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Nursing My Second Baby

Shannon Tran
Derby, Kansas, USA
From: New Beginnings, Vol. 29 No. 5-6, 2009, pp. 24-25

I was 19 years old and pregnant with my son, Noah, when my older cousin, who was also pregnant, asked me to go to a La Leche League meeting with her. She explained it was for breastfeeding mothers and she wanted to get more information. While she was certain that she would breastfeed, I merely went along for the ride. After the first few minutes of the meeting, I was very sure I would not be breastfeeding my baby. I remember feeling very uncomfortable. I made an effort not to stare at the mothers nursing their babies, who looked to range in age from newborn to preschooler, including a set of twins. I recall feeling out of place and surprised that these mothers were still breastfeeding.

I didn't know a single mother who had breastfed. If I worked with anyone who had breastfed, I didn't know about it. Neither my obstetrician, nor the pediatrician I had chosen, mentioned the option of breastfeeding. It was something I had never thought of until my cousin presented the idea to me, and it was something I deemed old fashioned, odd, and even unnatural.

A few months later, my cousin gave birth to her daughter and they began their breastfeeding relationship. Just a short while later, with the birth of my son, there began for me the whole new and wonderful world of motherhood. My son was beautiful, perfect, big, and healthy, and formula fed. I was proud and strong, and I loved Noah more than I ever imagined a person could love another human being. The world around me all but disappeared as my life began to revolve around this tiny miracle. Then, for a period of time, all of my confidence dwindled away with a visit to my cousin and her infant daughter, when I witnessed a nursing session. Suddenly, I couldn't keep my eyes off her tiny baby, suckling eagerly, with her fat little hand softly falling on her mother's breast, the comforting smile her mother gave in response. I wanted that experience. I was intent on getting the opportunity back that I had so carelessly given up.

Two weeks following my son's birth, I located a La Leche League Leader and rented a hospital grade pump, in the hope of relactating. I pumped every hour, day and night, for nearly a week, and my son's reward was approximately an ounce of colostrum that I finally collected. I remember sobbing when I found myself exhausted and unable to continue. I fed the colostrum to Noah, and felt a tiny flicker of hope that I had done all I could. In my heart and mind, I vowed I'd breastfeed my next child.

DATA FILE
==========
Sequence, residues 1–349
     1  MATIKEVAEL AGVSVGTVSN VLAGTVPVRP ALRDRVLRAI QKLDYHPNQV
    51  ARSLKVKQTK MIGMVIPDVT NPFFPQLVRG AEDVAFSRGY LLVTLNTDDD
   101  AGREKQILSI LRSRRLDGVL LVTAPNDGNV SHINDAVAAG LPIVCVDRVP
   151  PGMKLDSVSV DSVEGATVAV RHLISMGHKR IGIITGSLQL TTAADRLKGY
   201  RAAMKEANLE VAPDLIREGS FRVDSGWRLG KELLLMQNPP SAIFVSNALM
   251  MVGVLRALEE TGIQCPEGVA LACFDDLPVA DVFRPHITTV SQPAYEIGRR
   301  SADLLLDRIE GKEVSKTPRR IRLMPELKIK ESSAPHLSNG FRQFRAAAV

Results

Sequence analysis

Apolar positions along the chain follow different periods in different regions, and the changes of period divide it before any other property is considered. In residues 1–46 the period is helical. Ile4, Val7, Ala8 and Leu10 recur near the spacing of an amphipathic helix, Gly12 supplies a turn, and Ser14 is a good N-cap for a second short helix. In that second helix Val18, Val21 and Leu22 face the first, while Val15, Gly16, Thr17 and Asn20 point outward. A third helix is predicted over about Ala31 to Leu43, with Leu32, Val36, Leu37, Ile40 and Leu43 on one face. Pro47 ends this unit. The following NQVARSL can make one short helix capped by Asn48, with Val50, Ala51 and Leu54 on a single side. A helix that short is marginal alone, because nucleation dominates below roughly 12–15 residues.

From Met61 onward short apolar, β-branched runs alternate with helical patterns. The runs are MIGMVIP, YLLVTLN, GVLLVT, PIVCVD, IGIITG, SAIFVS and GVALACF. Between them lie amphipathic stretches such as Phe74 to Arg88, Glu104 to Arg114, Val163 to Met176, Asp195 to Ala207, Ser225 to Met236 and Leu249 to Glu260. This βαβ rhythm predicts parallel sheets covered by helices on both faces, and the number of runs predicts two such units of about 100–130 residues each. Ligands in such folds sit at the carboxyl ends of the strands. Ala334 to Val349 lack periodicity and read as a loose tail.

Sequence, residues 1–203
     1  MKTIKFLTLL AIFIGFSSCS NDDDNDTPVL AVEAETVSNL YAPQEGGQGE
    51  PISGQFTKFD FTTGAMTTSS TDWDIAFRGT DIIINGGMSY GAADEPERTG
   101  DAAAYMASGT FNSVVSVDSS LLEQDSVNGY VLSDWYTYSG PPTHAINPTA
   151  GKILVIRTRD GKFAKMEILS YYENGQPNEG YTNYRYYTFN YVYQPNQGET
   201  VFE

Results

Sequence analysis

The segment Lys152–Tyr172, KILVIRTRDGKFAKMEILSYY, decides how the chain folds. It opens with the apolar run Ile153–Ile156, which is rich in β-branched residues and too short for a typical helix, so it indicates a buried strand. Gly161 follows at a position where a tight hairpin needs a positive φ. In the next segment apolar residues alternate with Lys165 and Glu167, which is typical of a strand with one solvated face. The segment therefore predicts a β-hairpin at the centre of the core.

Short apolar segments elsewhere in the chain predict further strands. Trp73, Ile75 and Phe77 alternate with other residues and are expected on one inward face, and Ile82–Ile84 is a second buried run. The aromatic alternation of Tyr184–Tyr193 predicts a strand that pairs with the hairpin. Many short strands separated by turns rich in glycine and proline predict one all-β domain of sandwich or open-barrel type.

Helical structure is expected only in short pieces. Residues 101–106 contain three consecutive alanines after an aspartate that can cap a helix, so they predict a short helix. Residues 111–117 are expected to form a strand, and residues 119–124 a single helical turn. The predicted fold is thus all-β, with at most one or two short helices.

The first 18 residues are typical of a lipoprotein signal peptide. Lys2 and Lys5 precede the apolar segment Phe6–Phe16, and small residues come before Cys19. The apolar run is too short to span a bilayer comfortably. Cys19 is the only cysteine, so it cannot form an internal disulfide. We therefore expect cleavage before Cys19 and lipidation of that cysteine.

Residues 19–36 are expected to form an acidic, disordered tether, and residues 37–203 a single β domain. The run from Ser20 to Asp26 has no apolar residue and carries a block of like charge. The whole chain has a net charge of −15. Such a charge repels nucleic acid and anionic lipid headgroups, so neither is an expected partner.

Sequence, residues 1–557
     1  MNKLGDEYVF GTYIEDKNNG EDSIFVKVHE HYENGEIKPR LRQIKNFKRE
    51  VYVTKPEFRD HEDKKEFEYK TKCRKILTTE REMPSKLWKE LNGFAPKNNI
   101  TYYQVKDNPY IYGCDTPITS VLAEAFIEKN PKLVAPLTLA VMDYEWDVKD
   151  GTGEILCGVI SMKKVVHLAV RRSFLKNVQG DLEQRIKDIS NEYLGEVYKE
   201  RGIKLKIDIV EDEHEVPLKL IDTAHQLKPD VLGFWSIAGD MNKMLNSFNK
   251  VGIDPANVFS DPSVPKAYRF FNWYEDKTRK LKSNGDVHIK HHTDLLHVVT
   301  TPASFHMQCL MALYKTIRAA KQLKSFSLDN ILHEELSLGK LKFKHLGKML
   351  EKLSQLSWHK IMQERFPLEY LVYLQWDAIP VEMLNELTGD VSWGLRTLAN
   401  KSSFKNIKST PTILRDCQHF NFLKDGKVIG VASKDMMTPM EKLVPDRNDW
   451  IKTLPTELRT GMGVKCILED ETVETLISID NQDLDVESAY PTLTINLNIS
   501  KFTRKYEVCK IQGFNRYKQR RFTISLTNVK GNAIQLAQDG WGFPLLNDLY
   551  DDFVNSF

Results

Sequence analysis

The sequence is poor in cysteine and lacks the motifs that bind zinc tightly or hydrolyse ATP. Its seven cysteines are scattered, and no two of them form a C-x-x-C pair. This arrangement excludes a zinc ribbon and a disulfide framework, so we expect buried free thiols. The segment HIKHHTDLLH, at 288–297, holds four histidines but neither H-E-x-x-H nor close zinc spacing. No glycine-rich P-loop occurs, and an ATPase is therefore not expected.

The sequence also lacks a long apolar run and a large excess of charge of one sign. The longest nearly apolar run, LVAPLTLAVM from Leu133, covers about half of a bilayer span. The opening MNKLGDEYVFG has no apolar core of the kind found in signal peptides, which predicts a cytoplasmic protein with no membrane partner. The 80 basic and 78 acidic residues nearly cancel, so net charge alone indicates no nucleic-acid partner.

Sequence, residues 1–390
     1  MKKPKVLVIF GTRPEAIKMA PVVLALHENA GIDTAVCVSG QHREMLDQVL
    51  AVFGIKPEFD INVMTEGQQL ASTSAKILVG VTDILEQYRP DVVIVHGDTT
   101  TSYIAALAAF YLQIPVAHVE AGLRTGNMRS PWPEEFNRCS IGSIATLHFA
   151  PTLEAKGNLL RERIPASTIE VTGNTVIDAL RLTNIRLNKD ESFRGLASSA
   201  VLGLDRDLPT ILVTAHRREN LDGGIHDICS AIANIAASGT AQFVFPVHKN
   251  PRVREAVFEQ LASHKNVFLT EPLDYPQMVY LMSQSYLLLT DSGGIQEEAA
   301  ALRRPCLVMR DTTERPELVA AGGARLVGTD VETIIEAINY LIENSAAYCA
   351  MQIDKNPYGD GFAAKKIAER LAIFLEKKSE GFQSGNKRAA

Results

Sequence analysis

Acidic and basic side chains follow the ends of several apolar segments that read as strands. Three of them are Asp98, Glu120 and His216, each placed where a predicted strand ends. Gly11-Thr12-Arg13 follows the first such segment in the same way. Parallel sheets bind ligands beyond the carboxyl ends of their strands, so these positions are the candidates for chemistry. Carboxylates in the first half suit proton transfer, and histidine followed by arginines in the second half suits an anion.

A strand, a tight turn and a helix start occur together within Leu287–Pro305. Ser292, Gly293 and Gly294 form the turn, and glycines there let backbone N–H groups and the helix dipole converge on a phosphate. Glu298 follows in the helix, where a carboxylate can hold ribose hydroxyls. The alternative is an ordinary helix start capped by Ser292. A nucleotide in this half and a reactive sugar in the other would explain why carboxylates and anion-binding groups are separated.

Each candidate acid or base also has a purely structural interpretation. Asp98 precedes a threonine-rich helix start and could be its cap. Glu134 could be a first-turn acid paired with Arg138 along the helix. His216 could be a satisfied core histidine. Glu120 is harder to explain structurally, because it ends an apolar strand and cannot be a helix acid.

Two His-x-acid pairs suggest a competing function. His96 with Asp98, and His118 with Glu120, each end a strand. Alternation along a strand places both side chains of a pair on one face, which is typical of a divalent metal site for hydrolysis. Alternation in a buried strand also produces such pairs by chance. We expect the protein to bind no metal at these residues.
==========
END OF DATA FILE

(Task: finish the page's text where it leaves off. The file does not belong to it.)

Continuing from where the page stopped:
Fast forward ten years. I gave birth to my daughter, Reagan. Prior to her birth, I had attended a handful of LLL meetings, this time very anxious to see the other moms nursing their babies and hear their stories. I read books in preparation, attended a breastfeeding class, and joined the mother-to-mother forum on LLLI's Web site.

Armed with loads of support and encouragement from my husband, family, and the group, I brought my daughter into this world and directly to my breast. Reagan latched on with little help and nursed for an entire hour before we had to stop her for tests. It was as if she knew how badly I wanted her to have the very best thing I could give to her, the perfect nourishment and the special bond it would create between us.

I had felt guilt and sadness for so many years. However, throughout all of my preparation and education, one lesson I hadn't expected to learn was the difference between feeling guilt and regret. I realized that I hadn't lost a bond with my son at all. Through the kindness and support of my La Leche League Leaders, I learned that while I might regret not having made the decision to breastfeed my son, I did make the best decision I could with the information I had. I learned that I had developed a very healthy, close relationship with my son, despite not having nursed him as I have my daughter. I can relate easily to mothers who have not breastfed, as well as to those who have. I can offer understanding.

Through breastfeeding my daughter I have gained confidence, empowerment, and wisdom. I have grown as a mother and as a woman. Nursing has taught me to trust my mothering instincts, stick to my convictions, voice my concerns, and stand up for my beliefs. I've learned how to work through some of the biggest challenges of my life, listen to others, offer encouragement and support, and give back to a community that helped shape me into the stronger mother I am today.

Most of all, breastfeeding my daughter has given me peace. I know though I did not choose to breastfeed my son, he has been given a beautiful example of mothering, one that will remain in his mind as he grows into a man and, eventually, I hope, a father. Noah has witnessed the highs and lows, the near failures, and the triumphs, as well as the effect that nursing has on his baby sister. He has seen his father's example of just how important a daddy is in a breastfeeding family. He has learned how to care for another human being and how to love unconditionally.

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